NEWS
October 22, 2014 | By Harold Brubaker, Inquirer Staff Writer
A U.S. bankruptcy judge's decision last week to allow the Trump Taj Mahal Casino in Atlantic City to jettison a traditional defined-benefit pension and company-sponsored health insurance could spell the end of historically solid benefits for low-paid casino workers. Unite Here Local 54, the union targeted by Trump Entertainment Inc., Taj Mahal's parent company, said every worker in Atlantic City is under siege by billionaire investor Carl Icahn, who controls Trump Entertainment through the roughly $290 million of debt he holds.
NEWS
February 22, 2008 | By Suzette Parmley, Inquirer Staff Writer
ATLANTIC CITY - Jeffrey Barton moved to the Shore from Redondo Beach, Calif., a year ago to cash in on an unprecedented building boom here. "I'm here for one thing," said Barton, 44, who makes $31.97 an hour as a tile finisher. "The work. " There are plans over the next four years for $20 billion worth of casino, hotel, restaurant and retail construction and renovation projects, many of which began in 2003. And in a slowing national economy, all that development is attracting construction workers from around the country.
NEWS
September 14, 1987 | Special to the Daily News by Mary D'Anella
The women have arrived in Atlantic City for the Miss America Pageant, and they're hard at work. Miss Nevada, Stacie James, works out on a Nautilus machine; Miss Texas, Jo Thompson, gives an interview. They're all hoping to be named Miss America 1988 on Saturday night.
NEWS
September 14, 1987 | Special to the Daily News by Mary D'Anella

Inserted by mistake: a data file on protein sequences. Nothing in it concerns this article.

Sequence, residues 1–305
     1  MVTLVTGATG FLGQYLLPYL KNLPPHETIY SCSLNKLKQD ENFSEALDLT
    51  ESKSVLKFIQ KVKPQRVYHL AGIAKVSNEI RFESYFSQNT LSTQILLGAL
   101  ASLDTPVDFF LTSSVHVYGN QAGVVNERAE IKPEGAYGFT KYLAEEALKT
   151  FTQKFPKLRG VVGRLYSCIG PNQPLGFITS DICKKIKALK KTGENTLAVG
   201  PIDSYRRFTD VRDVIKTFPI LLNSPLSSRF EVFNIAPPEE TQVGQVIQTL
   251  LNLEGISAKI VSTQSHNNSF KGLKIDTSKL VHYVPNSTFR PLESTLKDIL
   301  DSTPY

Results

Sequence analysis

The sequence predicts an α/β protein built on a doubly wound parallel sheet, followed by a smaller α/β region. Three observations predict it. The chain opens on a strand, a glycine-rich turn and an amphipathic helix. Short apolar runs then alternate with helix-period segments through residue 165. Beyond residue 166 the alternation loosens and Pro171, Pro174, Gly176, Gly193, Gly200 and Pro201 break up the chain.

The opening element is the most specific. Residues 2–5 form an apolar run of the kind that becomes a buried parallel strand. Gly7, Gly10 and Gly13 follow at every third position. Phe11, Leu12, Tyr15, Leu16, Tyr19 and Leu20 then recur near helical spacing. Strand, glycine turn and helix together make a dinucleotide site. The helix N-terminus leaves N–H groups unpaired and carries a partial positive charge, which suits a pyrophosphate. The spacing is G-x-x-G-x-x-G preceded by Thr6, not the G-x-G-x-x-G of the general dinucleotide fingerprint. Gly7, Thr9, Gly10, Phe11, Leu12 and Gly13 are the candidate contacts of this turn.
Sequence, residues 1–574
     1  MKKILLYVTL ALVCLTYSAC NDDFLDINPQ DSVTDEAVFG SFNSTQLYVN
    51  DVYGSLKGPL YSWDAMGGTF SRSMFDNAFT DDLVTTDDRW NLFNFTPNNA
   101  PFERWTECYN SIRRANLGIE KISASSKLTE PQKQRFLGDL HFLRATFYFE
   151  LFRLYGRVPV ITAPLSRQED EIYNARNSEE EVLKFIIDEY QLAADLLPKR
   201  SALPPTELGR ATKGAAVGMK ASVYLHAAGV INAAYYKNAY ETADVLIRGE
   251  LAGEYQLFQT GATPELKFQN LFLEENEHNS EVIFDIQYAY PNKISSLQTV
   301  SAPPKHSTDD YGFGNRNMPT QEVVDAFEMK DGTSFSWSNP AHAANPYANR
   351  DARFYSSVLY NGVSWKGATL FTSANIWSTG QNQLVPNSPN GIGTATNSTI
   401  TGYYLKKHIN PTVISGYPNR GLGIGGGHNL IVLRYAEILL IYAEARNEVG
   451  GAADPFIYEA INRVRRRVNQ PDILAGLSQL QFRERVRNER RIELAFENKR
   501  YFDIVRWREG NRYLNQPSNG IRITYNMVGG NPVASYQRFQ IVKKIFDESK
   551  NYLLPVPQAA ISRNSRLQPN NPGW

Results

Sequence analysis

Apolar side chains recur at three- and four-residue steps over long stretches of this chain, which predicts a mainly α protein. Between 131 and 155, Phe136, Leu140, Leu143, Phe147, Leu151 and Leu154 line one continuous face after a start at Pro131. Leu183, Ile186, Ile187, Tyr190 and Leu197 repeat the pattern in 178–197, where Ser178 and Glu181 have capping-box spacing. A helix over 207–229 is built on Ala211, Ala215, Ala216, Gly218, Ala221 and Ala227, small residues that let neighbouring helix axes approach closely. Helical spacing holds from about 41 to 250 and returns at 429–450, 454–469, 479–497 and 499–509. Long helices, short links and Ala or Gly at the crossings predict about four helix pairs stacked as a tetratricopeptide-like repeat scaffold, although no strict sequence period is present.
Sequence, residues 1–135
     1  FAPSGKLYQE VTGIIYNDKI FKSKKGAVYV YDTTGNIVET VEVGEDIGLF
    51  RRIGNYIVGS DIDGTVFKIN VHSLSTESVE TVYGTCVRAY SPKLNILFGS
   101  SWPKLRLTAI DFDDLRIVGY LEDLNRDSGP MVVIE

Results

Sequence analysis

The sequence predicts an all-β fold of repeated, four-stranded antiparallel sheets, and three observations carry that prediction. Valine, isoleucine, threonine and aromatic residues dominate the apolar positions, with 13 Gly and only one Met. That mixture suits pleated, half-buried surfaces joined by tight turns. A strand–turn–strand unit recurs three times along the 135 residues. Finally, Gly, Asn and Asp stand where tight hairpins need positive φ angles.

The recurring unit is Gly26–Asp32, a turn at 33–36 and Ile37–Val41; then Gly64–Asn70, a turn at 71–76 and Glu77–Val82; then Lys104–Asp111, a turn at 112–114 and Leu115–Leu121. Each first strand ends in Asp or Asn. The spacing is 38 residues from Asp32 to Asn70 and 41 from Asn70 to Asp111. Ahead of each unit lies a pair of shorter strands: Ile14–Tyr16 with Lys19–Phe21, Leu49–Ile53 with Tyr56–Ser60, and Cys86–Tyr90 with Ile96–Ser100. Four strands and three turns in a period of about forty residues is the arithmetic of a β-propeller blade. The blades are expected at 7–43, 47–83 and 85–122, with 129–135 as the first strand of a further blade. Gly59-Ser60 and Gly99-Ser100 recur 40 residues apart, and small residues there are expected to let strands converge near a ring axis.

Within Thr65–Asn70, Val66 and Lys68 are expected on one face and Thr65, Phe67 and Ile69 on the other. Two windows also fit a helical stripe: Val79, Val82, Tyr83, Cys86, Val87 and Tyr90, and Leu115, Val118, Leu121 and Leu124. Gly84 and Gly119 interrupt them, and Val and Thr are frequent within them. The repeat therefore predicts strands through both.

Miss American Pageant contestants Showing off in swimsuits in Atlantic City are (jumping) Susan Campbell, Miss North Dakota, and (from left) Katherine Ann Killen, Miss Minnesota; Nancy Humphries, Miss South Carolina; Cindy Hodgkins, Miss Illinois; and Patricia Brant, Miss Louisiana.
NEWS
August 15, 1986
A national television audience, including viewers in localities where casino-gambling proposals are under consideration, got a grim look at the realities in Bill Moyers' CBS special Wednesday night: Big Gamble in Atlantic City. The tragic neglect of poor neighborhoods and inhabitants - hardly more than a dice-throw from the glitter of gaming halls - was accurate and perhaps even understated. There were some flaws in the show and it might have been better balanced, as Inquirer staff writer Lee Winfrey noted in a preview.
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NEWS
October 29, 2014 | BY JASON NARK, Daily News Staff Writer narkj@phillynews.com, 215-854-5916
THE MAN whom Sapphire Wiggins told her dad she'd marry, the guy she gushed over in Facebook posts, is dead and the Atlantic City woman won't be there for his funeral today. No one's had contact with Wiggins, 23, since Oct. 15, and she was reported missing Sunday, police said, a day after the man whom she called her boyfriend, Kevin Shelton, 50, was found dead of an apparent suicide in his home in Runnemede, Camden County. Shelton was a father of two, married for 30 years, according to his obituary compiled by the Freitag Funeral Home in Bridgeton, Cumberland County.